Kin Town residents, Marines practice tsunami evacuation

Base Info
Kin Town residents walk through an emergency route during a tsunami response drill Nov. 5 at Camp Hansen. This was the first drill since a local disaster response agreement was signed by Marine Corps and Kin Town officials in September. The agreement provides Kin Town residents and emergency personnel access to Camp Hansen facilities during a natural disaster. The residents are volunteers with the Disaster Preparedness Team of Kin Town. (Photo by Lance Cpl. Rebecca Elmy)
Kin Town residents walk through an emergency route during a tsunami response drill Nov. 5 at Camp Hansen. This was the first drill since a local disaster response agreement was signed by Marine Corps and Kin Town officials in September. The agreement provides Kin Town residents and emergency personnel access to Camp Hansen facilities during a natural disaster. The residents are volunteers with the Disaster Preparedness Team of Kin Town. (Photo by Lance Cpl. Rebecca Elmy)

Kin Town residents, Marines practice tsunami evacuation

by: Lance Cpl. Rebecca Elmy, III MEF/MCIPAC Consolidated Public Affairs Office | .
U.S. Marine Corps | .
published: November 07, 2014

CAMP HANSEN, OKINAWA, Japan -- Kin Town residents and Marines participated in a tsunami response drill Nov. 5 at Camp Hansen to increase the two communities’ readiness in the event of a natural disaster.

Although similar drills have taken place in the past, this was the first exercise since a local disaster response agreement was signed in September between Camp Hansen and Kin Town. The agreement provides Kin Town residents and emergency personnel access to Camp Hansen facilities for training and during a natural disaster.

“Engaging in this drill helps build up communication with the Kin Town office and with the other community offices,” said Maj. Andrew A. Merz, operations officer for Camp Hansen. “It was to show we are not separate from the local community, we are part of it.”

A tsunami is a series of ocean waves caused by seismic activity under the ocean floor. The first wave is often times not the most powerful, successive waves can reach a height of over 100 feet, speeds of up to 500 miles per hour.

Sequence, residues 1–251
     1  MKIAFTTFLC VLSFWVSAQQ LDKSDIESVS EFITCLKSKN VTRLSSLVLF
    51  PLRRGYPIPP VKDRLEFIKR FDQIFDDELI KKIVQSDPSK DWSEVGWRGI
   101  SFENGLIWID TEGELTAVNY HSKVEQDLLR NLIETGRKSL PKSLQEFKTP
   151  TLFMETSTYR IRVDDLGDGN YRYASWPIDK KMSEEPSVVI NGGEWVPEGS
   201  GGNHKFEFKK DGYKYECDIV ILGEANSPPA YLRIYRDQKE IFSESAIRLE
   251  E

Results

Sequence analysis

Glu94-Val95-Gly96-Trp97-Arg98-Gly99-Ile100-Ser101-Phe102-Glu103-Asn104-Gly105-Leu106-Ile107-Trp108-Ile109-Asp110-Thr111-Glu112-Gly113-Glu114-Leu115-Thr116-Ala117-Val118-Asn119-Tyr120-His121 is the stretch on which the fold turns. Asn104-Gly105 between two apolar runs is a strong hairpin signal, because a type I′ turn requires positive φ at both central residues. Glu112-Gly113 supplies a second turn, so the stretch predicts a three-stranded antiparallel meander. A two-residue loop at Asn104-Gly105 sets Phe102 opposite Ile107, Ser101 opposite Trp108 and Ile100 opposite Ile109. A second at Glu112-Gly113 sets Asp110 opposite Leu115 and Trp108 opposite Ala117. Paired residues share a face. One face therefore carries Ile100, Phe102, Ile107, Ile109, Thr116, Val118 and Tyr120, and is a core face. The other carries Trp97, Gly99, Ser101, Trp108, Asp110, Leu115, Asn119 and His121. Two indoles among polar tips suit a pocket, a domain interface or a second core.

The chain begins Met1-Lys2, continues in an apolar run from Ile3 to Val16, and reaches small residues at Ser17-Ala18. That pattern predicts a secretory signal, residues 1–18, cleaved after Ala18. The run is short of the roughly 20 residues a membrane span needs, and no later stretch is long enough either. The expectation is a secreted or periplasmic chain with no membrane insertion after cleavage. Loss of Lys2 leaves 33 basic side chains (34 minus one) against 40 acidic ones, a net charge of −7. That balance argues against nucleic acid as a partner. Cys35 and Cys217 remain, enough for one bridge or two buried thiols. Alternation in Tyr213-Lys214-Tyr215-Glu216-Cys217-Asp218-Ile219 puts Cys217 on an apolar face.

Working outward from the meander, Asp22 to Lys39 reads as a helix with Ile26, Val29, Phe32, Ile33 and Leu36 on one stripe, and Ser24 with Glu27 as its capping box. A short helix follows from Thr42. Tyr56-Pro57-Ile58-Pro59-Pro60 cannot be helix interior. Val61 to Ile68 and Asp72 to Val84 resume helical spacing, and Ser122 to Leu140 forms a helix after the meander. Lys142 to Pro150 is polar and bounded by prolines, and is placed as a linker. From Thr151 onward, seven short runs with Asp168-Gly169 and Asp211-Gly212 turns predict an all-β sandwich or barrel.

“The reason we did the drill today is because November 5th is designated as National Tsunami Awareness Day,” said Masaru Nago, a volunteer with the Disaster Preparedness Team of Kin Town.

The drills improved the communication between the Marine Corps, Kin Town Emergency Personnel, the Ishi Kawa Police and the local community leaders responsible for disaster response, according to Nago, from Kin Town.

“Today we had our initial tsunami response drill with Kin Town, which is the first time we’ve practiced with the locals since the agreement was signed two months ago,” said Merz, from Lansing, Michigan.

On March 11, 2011, a magnitude-9 earthquake created a tsunami Tōhoku that struck northeastern Japan. Marine Corps officials understand the devastating power of a tsunami and the need to practice evacuation drills with the community.

“Anything that you do, if you practice it and scout the route ahead of time, it gives you a sense of security,” said Merz. “When something actually does happen, you react that much faster.”

For the exercise, community members gathered outside of Camp Hansen’s Gate 4 before entering with Marines and other officials. Residents from district 22 and 23 in Kin Town took part in the simulated evacuation.

“Exercises like this are like fire drills, you have to keep doing them so you know where to go, how to react and how to get to safety in an orderly manner,” said Lance Cp. Matthew R. Janniche, a motor vehicle operator with Headquarters Battery, 3rd Battalion, 12th Marine Regiment, 3rd Marine Division, III Marine Expeditionary Force. “If a tsunami actually happens, now they know where to go, what to do, and not panic.”

Camp Hansen is the highest point near Kin Town so it is a key evacuation route for the local residents, according to Janniche, from Indianapolis, Indiana.
Towards the end of the drill, Marines showed the residents the alternative gate to provide a secondary entrance point.

“I think overall it went well,” said Merz. “We had some areas that we can work on, but we learned some names and faces of the local community leaders. Now that we have met leaders of those communities outside the gate, it will make future drills go more smoothly.”